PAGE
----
The bankrupt argues first that a record of the bankruptcy proceeding is required. The bankruptcy judge used a tape recorder at the hearing, but the tapes were not complete and were never intended to serve as a record. No formal record was made. The rules for bankruptcy hearings require the making of a record "(w)henever practicable". Bankruptcy Rule 511(a). We have no reason to believe that a record would have been impracticable in this case, but it seems that neither the parties nor the bankruptcy judge saw the need for an official tape or transcript of the hearing until the bankrupt raised this point on appeal. It is now too late to remedy the omission. The bankrupt does not suggest that he was harmed in any way by the lack of an official record. He merely points to the rule. In the absence of a claim of prejudice or an objection at a time when the defect was remediable, we do not think that a new hearing is mandated simply because the first was not recorded. Moreover, we note the conclusion of the district court, which considered this claim at length. The district court found that a stenographer was not obtained because of a "unilateral mistake by (the bankrupt's) trustee." Vallencourt did provide money for a stenographer, but the trustee never forwarded Vallencourt's check to the bankruptcy court.
The bankrupt also claims error because Vallencourt did not rely on the bankrupt's forged signature. He believes that a plaintiff must have relied directly on the bankrupt's false representations to have a claim under section 17(a)(2). This is an overly technical view of what the statute requires. The bankrupt obtained money "by false pretenses or false representations". 11 U.S.C. § 35(a)(2). He knew that he was committing a fraud. Cf. Wright v. Lubinko, 515 F.2d 260 (9th Cir. 1975). The banks that cashed the checks were the bankrupt's immediate victims, for they relied directly on his false signatures; but they have suffered no loss. Nor has the insurance company that wrote the checks been harmed. The loss has ultimately fallen in large part on Vallencourt because he justifiably relied on his status as an insurance payee to protect him. As a payee, Vallencourt could have insisted that all insurance proceeds be used to pay off the mortgage and not to repair the property. Silver v. United States Trust Co., 280 Mass. 295, 298, 182 N.E. 372 (1932); Pink v. Smith, 281 Mich. 107, 274 N.W. 727 (1937); Savarese v. Ohio Farmers Ins. Co., 260 N.Y. 45, 182 N.E. 665 (1932); Carlin v. Frey, 157 A.D. 84, 141 N.Y.S. 580 (App.Div.1913). To the extent that foreclosure did not make him whole, Vallencourt has a continuing right to the proceeds. 5 Couch on Insurance 2d §§ 29:75, 29:77 (1960); Rosenbaum v. Funcannon, 308 F.2d 680 (9th Cir. 1962). The bankrupt's forgery did not damage the first two mortgagees, who were paid in full without recourse to the insurance proceeds. The third mortgagee had a right to $500 from the proceeds to satisfy his mortgage,2 and the remainder would have gone to Vallencourt. Vallencourt's reliance on his rights as an insurance payee was betrayed by the bankrupt's deliberate forgery. The lack of a more direct reliance will not defeat his claim nor make it dischargeable.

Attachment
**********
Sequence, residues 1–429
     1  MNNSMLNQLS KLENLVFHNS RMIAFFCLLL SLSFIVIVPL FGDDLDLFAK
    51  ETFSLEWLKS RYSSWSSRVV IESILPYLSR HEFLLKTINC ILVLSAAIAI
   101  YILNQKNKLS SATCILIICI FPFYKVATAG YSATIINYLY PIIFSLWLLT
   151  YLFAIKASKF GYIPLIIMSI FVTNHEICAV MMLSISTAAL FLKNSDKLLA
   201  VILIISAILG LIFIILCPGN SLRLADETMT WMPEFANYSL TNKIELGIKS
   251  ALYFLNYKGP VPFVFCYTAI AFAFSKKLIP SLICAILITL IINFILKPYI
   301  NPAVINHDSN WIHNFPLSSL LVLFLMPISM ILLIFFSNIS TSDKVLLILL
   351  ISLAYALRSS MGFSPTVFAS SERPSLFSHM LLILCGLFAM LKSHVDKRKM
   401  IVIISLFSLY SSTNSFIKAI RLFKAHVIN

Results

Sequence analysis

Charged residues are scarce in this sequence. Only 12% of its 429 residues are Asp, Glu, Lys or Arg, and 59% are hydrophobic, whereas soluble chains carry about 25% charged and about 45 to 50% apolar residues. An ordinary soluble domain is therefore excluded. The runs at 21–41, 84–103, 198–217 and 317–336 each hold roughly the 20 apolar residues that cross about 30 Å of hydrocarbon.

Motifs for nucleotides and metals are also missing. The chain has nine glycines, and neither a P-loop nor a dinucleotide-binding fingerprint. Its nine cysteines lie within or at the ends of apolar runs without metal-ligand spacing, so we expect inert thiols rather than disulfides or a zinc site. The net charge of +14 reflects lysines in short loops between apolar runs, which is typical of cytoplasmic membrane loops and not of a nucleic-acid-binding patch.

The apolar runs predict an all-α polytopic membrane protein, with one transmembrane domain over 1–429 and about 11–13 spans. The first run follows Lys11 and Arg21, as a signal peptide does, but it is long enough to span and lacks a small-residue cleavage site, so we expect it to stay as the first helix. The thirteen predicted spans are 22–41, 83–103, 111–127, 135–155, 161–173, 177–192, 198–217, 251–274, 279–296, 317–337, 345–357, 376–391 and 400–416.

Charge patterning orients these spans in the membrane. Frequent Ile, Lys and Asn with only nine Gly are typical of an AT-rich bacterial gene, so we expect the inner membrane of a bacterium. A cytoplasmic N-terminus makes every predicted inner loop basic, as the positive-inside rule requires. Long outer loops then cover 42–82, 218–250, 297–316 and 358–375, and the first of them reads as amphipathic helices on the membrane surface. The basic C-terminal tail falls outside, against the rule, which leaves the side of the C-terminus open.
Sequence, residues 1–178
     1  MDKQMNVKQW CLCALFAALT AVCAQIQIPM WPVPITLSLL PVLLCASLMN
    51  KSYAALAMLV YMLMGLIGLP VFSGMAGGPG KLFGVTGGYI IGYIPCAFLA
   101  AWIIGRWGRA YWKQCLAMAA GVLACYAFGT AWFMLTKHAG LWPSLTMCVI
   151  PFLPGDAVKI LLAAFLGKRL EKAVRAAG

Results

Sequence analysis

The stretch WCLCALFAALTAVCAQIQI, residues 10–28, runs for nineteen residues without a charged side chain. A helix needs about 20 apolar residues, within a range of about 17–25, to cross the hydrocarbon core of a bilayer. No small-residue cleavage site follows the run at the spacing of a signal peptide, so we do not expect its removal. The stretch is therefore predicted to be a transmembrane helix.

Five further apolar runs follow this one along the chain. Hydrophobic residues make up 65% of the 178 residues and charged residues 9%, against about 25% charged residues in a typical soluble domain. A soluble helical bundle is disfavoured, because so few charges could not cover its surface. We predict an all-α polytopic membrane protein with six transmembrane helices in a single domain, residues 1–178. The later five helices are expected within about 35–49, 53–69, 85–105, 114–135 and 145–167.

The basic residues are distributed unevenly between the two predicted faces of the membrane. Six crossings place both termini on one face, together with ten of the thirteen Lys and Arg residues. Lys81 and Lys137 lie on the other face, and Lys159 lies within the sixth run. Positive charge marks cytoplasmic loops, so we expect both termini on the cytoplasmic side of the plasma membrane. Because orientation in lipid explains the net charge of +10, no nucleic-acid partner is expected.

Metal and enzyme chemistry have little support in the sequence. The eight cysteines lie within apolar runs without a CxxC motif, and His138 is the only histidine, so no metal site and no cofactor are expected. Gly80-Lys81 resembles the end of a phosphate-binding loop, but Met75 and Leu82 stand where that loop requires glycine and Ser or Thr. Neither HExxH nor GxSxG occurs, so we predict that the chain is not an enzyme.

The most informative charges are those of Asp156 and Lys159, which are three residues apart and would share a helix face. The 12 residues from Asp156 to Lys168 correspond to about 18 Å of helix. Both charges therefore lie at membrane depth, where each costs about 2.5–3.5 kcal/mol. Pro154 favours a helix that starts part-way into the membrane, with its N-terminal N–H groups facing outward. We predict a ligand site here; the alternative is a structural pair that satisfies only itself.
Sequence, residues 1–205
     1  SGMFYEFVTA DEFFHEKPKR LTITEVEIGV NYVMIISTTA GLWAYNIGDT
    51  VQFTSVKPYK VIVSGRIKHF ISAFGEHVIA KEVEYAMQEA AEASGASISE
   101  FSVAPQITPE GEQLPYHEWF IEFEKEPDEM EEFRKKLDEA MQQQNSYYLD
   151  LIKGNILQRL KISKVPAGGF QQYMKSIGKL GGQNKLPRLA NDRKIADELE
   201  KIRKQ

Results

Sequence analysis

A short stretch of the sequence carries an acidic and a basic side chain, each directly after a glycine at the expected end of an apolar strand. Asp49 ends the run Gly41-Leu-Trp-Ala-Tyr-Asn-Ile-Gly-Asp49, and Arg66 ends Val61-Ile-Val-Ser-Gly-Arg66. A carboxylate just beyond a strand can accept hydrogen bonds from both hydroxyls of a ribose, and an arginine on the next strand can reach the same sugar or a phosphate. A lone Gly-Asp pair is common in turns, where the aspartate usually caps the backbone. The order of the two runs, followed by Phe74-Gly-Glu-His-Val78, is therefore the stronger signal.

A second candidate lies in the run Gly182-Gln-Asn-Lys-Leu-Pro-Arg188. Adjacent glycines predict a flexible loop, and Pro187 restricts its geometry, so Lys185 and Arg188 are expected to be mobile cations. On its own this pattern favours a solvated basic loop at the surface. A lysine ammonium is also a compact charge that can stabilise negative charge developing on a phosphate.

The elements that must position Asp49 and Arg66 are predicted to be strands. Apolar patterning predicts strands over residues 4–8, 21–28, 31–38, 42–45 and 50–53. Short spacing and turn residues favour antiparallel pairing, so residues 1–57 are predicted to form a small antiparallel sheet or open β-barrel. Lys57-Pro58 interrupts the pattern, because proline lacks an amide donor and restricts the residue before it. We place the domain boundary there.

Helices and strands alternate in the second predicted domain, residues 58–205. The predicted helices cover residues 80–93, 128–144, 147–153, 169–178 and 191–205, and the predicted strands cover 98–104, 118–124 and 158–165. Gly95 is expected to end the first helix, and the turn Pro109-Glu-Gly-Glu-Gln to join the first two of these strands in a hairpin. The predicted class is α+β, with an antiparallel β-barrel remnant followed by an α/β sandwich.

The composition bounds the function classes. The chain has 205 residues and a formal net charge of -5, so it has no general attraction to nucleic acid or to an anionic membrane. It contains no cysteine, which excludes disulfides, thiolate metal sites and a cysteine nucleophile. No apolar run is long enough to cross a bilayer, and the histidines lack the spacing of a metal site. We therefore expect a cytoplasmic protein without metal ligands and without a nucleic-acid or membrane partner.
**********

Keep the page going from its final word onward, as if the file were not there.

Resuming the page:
Of the Second Circuit, sitting by designation
Section 17(a)(2) reads as follows:
"A discharge in bankruptcy shall release a bankrupt from all of his provable debts, . . . except such as . . . (2) are liabilities for obtaining money or property by false pretenses or false representations . . .."
The bankrupt also challenges as too speculative the bankruptcy judge's finding that the third mortgagee would have taken only $500 of the insurance proceeds, in view of the judge's observation that this mortgagee had undetermined litigation expenses following foreclosure. But he is not a party to this litigation and the bankrupt may not assert the interest, if any, of a third person. The bankrupt has never presented evidence to support his claim that the third mortgagee might take more than $500; in the light of this silence, the bankruptcy judge's determination of damages was not clearly erroneous